Fisher found her birth parents as an adult. Her father had been searching for her for years with very little information to go on. Her mother was taken aback at first, but she eventually came around. Fisher learned that her birth mother had been pregnant when she got married. Her family threatened to send her away if she didn’t place the child for adoption.

Since the AMLA Society, there have been many other advocacy groups fighting for adoptee rights. The Adoptee Rights Coalition, Adoptee Rights Campaign, American Adoption Congress, and others are fighting to have our voices heard. Former National Legislative Chair for the American Adoption Congress Erica Bobino said, “There’s absolutely no reason why an adult cannot make a decision about their own lives and to be able to have their original birth certificate just like every other American.”

Gregory Luce, lawyer and founder of the Adoptee Rights Law Center said, “No promise of anonymity could legally have been made because there was never a guarantee the child would actually be adopted.”

Author and speaker DaShanne Stokes said, “It’s illegal to deny people their records due to race or gender. Adoptees deserve the same rights and protections.”

I get it. I really do. Lawmakers are concerned that all the birth parents are going to come after them with pitchforks and torches if they release their sealed files. They are afraid that the abortion numbers in their states will skyrocket if there is no identity protection for birth parents. Adoptive parents are worried they’ll lose their adult children to the birth parents. Birth parents (some of them) are terrified that relinquished children will pop up out of nowhere and ruin what lives they have built for themselves.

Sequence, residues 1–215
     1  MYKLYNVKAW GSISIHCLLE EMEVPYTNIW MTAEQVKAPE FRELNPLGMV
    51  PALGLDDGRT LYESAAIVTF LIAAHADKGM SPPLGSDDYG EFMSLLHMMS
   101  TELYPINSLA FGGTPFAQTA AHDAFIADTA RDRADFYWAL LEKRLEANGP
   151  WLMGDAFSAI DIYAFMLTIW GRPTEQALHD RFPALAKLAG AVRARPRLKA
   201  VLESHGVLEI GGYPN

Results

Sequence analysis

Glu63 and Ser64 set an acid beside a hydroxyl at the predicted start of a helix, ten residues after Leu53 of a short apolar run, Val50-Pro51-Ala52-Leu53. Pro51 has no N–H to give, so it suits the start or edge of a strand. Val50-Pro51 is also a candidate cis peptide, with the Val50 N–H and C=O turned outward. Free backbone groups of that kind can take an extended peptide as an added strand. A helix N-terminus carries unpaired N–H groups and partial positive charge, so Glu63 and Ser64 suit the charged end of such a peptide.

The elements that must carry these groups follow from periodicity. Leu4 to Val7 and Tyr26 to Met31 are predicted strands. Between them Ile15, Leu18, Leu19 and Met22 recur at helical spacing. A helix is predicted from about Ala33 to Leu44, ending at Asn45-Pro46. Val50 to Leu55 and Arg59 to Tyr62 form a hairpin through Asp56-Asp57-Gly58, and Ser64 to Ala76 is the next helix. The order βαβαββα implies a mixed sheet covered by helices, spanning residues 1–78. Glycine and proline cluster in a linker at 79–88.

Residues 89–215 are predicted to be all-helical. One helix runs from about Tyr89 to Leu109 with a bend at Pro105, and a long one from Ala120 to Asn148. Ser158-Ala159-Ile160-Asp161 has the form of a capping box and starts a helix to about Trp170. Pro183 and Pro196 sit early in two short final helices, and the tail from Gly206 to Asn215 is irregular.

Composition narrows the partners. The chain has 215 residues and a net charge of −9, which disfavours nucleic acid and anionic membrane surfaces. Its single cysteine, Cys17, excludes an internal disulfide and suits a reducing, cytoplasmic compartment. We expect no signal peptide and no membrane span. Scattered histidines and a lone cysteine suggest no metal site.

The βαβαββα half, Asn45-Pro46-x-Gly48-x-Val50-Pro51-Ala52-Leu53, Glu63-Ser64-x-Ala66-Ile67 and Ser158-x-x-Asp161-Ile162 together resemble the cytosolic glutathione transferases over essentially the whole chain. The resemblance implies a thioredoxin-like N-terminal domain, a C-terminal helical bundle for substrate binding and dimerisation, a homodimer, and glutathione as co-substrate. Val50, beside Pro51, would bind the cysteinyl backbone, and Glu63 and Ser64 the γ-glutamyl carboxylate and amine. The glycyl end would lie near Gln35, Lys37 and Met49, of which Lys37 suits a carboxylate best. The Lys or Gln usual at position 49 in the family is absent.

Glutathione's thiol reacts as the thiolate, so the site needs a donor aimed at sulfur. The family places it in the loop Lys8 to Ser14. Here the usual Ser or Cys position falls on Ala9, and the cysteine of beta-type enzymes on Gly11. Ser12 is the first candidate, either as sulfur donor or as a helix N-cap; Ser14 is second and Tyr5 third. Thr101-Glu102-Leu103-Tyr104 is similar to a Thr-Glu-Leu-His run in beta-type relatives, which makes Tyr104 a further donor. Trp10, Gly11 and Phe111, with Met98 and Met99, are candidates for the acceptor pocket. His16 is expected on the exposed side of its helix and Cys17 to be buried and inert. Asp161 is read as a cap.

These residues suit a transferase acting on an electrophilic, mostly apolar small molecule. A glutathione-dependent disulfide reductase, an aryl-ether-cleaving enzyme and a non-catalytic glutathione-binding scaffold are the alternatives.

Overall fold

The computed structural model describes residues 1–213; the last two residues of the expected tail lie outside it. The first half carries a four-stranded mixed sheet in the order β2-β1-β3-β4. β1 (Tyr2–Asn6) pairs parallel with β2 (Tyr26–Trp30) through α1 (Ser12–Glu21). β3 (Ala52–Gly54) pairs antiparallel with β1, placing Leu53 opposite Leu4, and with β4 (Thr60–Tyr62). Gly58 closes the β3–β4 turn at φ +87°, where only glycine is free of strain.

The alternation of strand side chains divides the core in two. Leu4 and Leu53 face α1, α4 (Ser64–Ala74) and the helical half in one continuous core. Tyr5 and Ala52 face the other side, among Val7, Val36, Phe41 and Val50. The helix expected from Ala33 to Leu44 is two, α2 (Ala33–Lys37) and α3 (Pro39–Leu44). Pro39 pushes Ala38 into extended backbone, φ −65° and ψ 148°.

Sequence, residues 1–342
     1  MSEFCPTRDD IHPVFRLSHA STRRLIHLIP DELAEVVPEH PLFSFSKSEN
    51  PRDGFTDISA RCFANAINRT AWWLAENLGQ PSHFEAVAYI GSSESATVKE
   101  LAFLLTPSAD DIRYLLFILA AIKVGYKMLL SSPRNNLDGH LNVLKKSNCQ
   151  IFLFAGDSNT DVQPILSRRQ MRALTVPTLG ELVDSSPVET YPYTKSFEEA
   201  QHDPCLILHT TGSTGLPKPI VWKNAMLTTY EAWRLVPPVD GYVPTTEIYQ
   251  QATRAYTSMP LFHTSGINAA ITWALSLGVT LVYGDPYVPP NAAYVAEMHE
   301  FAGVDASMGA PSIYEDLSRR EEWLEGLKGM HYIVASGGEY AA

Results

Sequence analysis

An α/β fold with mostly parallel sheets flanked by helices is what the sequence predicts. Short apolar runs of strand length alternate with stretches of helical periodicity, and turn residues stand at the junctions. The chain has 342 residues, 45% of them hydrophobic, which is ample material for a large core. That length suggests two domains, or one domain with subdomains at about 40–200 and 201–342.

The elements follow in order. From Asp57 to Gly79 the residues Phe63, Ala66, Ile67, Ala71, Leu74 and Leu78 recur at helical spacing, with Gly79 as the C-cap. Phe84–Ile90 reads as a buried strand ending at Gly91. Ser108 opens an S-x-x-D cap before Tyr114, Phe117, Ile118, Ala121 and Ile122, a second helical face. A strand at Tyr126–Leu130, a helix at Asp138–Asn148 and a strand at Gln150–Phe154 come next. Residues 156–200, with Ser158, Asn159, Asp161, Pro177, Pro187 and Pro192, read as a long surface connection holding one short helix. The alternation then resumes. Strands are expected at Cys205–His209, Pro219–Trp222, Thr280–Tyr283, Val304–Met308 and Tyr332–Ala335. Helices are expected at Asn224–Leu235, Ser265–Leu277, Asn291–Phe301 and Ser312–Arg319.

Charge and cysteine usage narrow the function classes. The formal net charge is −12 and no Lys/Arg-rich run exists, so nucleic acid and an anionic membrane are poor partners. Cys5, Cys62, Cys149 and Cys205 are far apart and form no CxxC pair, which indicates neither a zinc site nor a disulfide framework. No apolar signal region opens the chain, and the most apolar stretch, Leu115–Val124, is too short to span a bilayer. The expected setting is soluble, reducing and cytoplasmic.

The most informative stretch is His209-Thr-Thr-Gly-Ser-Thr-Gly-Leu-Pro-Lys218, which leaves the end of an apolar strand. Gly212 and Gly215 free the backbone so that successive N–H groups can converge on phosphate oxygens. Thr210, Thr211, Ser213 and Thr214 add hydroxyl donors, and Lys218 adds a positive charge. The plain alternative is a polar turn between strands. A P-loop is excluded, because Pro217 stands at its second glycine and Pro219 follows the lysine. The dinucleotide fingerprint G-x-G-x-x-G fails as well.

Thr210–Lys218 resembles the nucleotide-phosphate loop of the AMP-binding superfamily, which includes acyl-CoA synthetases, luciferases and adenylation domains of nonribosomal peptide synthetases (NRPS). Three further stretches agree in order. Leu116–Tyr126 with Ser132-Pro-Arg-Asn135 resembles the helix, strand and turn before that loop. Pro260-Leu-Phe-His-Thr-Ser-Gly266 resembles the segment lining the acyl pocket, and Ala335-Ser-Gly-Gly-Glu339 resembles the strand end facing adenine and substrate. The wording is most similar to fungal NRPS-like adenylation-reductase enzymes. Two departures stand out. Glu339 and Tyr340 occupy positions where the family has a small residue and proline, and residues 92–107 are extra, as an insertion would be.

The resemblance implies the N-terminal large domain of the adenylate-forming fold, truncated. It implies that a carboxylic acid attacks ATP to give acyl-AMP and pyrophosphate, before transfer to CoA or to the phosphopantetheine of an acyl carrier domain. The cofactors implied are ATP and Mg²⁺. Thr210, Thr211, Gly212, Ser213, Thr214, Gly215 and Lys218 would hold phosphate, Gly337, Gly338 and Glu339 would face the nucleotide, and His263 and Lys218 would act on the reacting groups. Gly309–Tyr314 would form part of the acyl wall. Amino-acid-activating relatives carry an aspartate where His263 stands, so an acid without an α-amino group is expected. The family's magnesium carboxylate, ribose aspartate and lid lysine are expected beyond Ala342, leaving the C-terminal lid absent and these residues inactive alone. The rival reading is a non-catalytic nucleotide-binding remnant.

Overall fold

Those are all scary situations that are not without merit. However, adoptees are not monsters. We are not trying to ruin or control. We simply want the information about ourselves and our past that we were denied at birth. We didn’t ask for any of this, but now it is ours to carry. In 2019, only nine states have completely open records for adoptees. I haven’t seen any violence or disdain directed to officials in those states. There’s no reason to assume the rest of the system would implode if the other states followed.

Let’s be practical for a minute about where society is going. Over 26 million DNA tests have been submitted to various testing companies. You can’t un-ring that bell. There is nowhere for anyone to hide anymore. You can use your cousin’s cousin to find some obscure relative. Science and technology are only getting better, more accurate.

By holding our records sealed in an office somewhere, you are giving us no other choice. I can’t look in my file and find the information I need. I must contact my birth family to ask for it. As a result, adoptees who never wanted a reunion are being forced to go that route because they couldn’t get info about themselves. Far more families are being disrupted this way than if you gave us the chance to have the documents we deserve as human beings.

 

Your first step in your search and reunion journey is to register in Adoption.com’s Reunion Registry. If you need some help with your adoption search then the Adoption Detectives may be able to help! Learn more

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Ashley Foster

Ashley Foster is a freelance writer. She is a wife and mother of two currently residing in Florida. She loves taking trips to the beach with her husband and sons. As an infant, she was placed with a couple in a closed adoption. Ashley was raised with two sisters who were also adopted. In 2016, she was reunited with her biological family. She advocates for adoptees' rights and DNA testing for those who are searching for family. Above all, she is thankful that she was given life. You can read her blog at http://ashleysfoster.blogspot.com/.